There are three excellent reasons to make these:
1) The buns outshine any you could pick up from Mr Sainsbury or dare I say it, Mr Lewis, with their tightly-packed texture and oven-plumped fruit.
2) You get the satisfaction from the bread-making catharsis and also from the knowledge that you know exactly what went into the things.
3) During their baking and subsequent toastings, the whole flat/house becomes aromatically akin to a spice merchant’s chest. This is everyone’s fantasy, obviously, not just mine.
I beseech thee: go forth and bake, my children!
Hot Cross Buns
- 450g strong plain flour
- 1 tsp salt
- ½ tsp mixed spice
- ¼ of a nutmeg, freshly grated
- ½ tsp ground cinnamon
- ⅓ tsp ground cloves
- ⅓ tsp ground ginger
- 1 sachet (7g) easy blend dried yeast
- 225g mixed dried fruit (I made this up with 75g each of raisins, chopped dried apple rings and cranberries)
- 110g soft light brown sugar
- 250ml organic milk
- 50g unsalted butter
- 1 free range egg, beaten
- 75g plain flour
- 4 tbsp water
- 2 tbsp sugar
- 6 tbsp water
- 3-4 cardamom pods, lightly crushed
Whilst your butter is melting in a pan, sift your bread flour, salt and spices into a large bowl and mix in the yeast, dried fruit, sugar and some Easter cheer.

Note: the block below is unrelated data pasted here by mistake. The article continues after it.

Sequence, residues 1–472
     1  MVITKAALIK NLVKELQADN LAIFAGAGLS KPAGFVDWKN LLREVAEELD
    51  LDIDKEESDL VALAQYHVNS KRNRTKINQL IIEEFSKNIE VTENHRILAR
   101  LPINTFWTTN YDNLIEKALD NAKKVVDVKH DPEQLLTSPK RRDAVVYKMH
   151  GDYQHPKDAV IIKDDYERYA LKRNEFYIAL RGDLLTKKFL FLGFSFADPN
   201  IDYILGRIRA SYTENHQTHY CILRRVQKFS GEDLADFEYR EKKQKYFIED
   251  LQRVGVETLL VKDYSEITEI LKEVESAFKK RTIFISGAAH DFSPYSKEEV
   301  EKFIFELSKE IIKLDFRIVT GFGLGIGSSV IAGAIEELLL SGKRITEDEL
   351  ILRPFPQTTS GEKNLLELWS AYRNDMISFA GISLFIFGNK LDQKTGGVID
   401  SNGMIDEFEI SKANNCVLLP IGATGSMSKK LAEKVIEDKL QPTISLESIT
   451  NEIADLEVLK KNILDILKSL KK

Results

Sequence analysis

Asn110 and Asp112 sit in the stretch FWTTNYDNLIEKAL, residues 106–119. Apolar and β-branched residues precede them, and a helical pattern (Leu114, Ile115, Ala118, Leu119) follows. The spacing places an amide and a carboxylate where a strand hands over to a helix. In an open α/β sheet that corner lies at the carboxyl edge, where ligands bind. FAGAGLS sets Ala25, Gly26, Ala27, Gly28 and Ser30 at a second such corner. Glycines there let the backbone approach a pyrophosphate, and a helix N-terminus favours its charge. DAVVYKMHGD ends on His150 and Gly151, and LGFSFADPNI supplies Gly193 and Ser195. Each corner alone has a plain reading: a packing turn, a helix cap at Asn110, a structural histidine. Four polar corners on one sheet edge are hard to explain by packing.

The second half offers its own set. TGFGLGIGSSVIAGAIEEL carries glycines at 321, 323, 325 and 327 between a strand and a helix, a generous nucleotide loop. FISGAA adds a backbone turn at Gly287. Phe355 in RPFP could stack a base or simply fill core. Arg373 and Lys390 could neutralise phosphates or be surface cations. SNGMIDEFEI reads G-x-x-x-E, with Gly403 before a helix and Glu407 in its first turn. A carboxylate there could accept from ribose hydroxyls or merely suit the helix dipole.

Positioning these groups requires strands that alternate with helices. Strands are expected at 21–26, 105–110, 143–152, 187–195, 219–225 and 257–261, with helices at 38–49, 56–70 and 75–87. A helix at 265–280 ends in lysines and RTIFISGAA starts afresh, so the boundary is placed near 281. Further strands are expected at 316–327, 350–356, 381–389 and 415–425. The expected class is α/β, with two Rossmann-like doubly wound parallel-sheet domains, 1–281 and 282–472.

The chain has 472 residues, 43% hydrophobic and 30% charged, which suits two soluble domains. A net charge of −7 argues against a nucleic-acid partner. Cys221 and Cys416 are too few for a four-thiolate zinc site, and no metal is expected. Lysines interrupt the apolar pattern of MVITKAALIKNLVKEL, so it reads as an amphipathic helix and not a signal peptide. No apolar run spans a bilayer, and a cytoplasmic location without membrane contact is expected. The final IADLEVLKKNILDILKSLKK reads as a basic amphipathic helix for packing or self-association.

Stir the milk into the melted butter heat gently until tepid. Blitz the egg in before pouring the entire lot into flour mixture.
Combine well until it comes together into a sticky dough. Turn it onto a floured work surface and knead heartily for a good 10 minutes until you feel its texture change and become elastic and smooth.
Split the dough into 12 equal pieces and roll into smooth bun-shaped balls. Arrange the doughy babies on a large non-stick baking sheet making sure each one has a little room to breathe. Cover with a clean tea towel or lightly-oiled cling-film and leave to prove in a warm place for about one and a half hours until the buns have swelled. Do not fear if they don’t puff up as much as you expected – mine didn’t and the texture was beautiful. If yours do swell up until they start reaching out and touching each other this doesn’t matter as they are easily split post-baking.
Preheat your oven to 200°C.
To make the crosses mix the flour with the water to make a pliable dough. Roll it out to the thickness of a pound coin and cut it into 24 equal strips. Score each bun with a cross shape using a sharp knife, dampen each strip with a little milk to help them stick and lay them in a cross formation on each bun.
Place the tray on the middle shelf of your oven and bake for 20 mins, until the rolls are tinged baked-bronze. You’ll smell the moment they’re ready.